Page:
Analytical thinking
Task: Improve SaaS product pricing model 
Company: The Emerson Suite, SaaS product for business coaches
My title: Creative Director
My role: DesignOp
To be honest, pricing has never been my area of expertise, to say the least. 
However, as a part of the leadership team, I had to add my two cents (pun not intended).
As a newcomer with limited knowledge about the business coaching field, I had to learn a lot and fast. Luckily, our product strategist equipped me with valuable stats, survey data, and video interviews.
The initial demos of the product and tools had a really great reception.
But the product price was a deal breaker for the majority of coaches. That was a bit surprising since the amount should have been affordable, considering their income.
Was the product value the problem?
Digging deep into the data, my attention was caught by a small logical flaw. 
The national survey of the U.S. and Canadian markets clearly stated that an average business coach salary is around $70k, while their median hourly rate was roughly $150 per hour. If you multiply the yearly number of working hours, 2,000, by $150, you get $300,000. 
So, where is the extra $230k?  
Real World
At the time when I was gripped by this flaw, we were attending the International Coaching Federation Toronto conference. While I was preparing our marketing assets, I thought that this would also be a great opportunity to talk with attendees.
What I learned at the ICF Toronto conference had an impact on our marketing and sales strategies, and it had opened a continuous conversation with our consumers.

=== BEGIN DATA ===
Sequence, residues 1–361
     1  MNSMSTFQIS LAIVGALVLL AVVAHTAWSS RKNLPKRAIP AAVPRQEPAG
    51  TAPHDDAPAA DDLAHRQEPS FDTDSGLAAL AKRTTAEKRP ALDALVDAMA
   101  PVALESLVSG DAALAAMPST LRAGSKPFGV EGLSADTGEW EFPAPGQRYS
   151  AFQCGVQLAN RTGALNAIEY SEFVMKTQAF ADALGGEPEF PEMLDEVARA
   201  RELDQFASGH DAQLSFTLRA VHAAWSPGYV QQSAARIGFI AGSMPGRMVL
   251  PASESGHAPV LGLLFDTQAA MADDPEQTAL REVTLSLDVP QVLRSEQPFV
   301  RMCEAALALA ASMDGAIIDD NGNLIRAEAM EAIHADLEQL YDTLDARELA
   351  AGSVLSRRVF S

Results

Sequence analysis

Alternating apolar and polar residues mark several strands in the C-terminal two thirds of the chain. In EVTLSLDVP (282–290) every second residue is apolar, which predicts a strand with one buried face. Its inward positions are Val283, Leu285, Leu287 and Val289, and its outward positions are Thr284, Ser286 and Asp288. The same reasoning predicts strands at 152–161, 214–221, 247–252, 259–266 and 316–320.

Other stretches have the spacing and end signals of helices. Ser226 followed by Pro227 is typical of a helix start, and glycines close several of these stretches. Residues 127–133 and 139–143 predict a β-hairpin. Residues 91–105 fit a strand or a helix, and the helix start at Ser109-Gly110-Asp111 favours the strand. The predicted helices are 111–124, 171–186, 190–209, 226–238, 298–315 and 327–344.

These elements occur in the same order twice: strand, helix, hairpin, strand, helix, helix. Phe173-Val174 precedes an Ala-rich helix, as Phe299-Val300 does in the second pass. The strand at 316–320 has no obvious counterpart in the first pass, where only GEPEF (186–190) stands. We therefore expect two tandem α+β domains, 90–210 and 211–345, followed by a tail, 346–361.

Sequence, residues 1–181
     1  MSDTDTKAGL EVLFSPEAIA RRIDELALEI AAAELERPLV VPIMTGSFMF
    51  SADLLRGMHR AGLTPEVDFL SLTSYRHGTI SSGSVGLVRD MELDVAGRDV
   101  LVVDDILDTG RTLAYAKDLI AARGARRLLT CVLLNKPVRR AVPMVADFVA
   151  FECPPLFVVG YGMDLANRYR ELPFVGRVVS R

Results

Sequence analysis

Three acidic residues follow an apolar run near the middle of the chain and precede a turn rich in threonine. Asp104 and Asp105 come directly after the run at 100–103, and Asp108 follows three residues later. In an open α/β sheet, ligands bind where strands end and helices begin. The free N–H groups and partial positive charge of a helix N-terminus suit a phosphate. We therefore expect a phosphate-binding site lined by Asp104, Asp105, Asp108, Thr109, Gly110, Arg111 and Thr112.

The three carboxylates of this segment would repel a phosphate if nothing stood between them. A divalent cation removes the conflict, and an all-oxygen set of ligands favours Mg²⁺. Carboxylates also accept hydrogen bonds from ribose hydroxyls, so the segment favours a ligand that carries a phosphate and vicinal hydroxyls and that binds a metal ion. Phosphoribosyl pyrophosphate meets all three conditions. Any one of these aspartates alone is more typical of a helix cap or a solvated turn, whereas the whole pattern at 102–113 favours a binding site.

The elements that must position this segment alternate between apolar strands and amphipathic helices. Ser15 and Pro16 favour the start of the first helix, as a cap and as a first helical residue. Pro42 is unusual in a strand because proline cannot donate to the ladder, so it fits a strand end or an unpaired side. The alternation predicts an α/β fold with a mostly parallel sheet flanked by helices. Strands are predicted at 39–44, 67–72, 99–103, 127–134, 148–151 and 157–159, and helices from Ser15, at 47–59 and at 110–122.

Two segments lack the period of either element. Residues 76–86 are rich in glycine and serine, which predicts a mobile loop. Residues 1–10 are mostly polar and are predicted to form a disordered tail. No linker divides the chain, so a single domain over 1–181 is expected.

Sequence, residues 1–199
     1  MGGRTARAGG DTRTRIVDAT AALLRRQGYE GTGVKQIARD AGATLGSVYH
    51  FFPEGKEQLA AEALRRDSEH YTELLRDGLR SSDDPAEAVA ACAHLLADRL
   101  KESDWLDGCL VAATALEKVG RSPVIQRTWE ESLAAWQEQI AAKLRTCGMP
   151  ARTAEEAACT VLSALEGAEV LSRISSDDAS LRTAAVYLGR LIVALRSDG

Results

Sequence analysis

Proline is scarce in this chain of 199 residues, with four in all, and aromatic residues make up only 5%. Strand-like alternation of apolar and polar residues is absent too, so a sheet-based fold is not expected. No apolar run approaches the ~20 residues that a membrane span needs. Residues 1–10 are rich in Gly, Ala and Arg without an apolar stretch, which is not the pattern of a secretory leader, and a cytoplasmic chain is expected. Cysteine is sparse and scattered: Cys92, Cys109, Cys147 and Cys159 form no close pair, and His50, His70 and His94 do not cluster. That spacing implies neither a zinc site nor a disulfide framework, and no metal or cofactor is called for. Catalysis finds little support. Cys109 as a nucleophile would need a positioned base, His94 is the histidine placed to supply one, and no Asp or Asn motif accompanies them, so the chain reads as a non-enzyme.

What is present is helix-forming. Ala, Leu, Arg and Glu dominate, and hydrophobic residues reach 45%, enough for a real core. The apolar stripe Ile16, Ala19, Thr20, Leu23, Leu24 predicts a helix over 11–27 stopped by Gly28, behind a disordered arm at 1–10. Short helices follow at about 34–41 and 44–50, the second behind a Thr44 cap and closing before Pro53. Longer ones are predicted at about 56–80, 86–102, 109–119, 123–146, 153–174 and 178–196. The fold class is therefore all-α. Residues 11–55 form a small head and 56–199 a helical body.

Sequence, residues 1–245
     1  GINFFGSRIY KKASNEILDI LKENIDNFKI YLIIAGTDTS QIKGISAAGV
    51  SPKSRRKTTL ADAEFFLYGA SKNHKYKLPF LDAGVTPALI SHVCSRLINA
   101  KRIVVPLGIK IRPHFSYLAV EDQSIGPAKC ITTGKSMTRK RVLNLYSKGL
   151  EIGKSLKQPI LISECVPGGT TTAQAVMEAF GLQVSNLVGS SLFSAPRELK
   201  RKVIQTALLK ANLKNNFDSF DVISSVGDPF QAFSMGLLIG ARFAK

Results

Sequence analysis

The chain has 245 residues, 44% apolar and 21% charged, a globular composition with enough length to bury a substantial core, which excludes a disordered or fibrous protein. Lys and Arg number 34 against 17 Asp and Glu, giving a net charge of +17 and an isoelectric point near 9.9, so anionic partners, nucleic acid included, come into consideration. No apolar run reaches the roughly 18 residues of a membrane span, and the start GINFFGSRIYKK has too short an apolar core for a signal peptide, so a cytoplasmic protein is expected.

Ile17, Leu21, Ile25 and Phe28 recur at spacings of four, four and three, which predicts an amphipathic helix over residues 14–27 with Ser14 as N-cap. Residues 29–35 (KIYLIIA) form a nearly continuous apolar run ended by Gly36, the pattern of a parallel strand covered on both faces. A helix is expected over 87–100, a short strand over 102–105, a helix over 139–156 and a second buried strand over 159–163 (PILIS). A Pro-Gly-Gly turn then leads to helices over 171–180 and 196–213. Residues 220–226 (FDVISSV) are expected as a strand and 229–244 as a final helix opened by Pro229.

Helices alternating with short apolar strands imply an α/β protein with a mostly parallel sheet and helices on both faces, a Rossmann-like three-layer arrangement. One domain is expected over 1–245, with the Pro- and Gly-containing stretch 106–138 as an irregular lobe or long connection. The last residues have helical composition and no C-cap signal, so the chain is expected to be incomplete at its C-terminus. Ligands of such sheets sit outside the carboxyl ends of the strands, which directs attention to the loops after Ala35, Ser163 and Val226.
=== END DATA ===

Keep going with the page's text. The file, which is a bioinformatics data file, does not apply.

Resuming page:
Inward Thinking
Most of the coaches I came across were women charging around $150 per hour. That matched the survey data. What didn’t match was that the majority of them weren’t considering their coaching as a full-time job. 
There were two groups: first, former executives, financially secured, who saw coaching as a segue to retirement; and second, coaches with an additional source of income, for whom coaching was a sort of side hustle. None of them were working even 1000 hours per year. 
The initial product pricing decisions were based on our head coach evangelist and her peer group (video interviews data). These highly successful people were an anomaly. 
It was a classic trap of inward thinking. The biases built on insufficient knowledge of the consumer led to inappropriate pricing and pushed product, marketing, and sales in the wrong direction.
The Power of Human-Centered Design
If you think that I nailed down the product price, you’d be wrong. I didn’t. More experienced peers on the leadership team did it. Anyway, that was their job.
What I did is that I raised awareness about the dangers of inward thinking, and I proved the power of human-centered design.
That eventually led to the tiered pricing model adjusted to address the needs of diverse consumer groups.
Continuous conversation with the consumer is the key.
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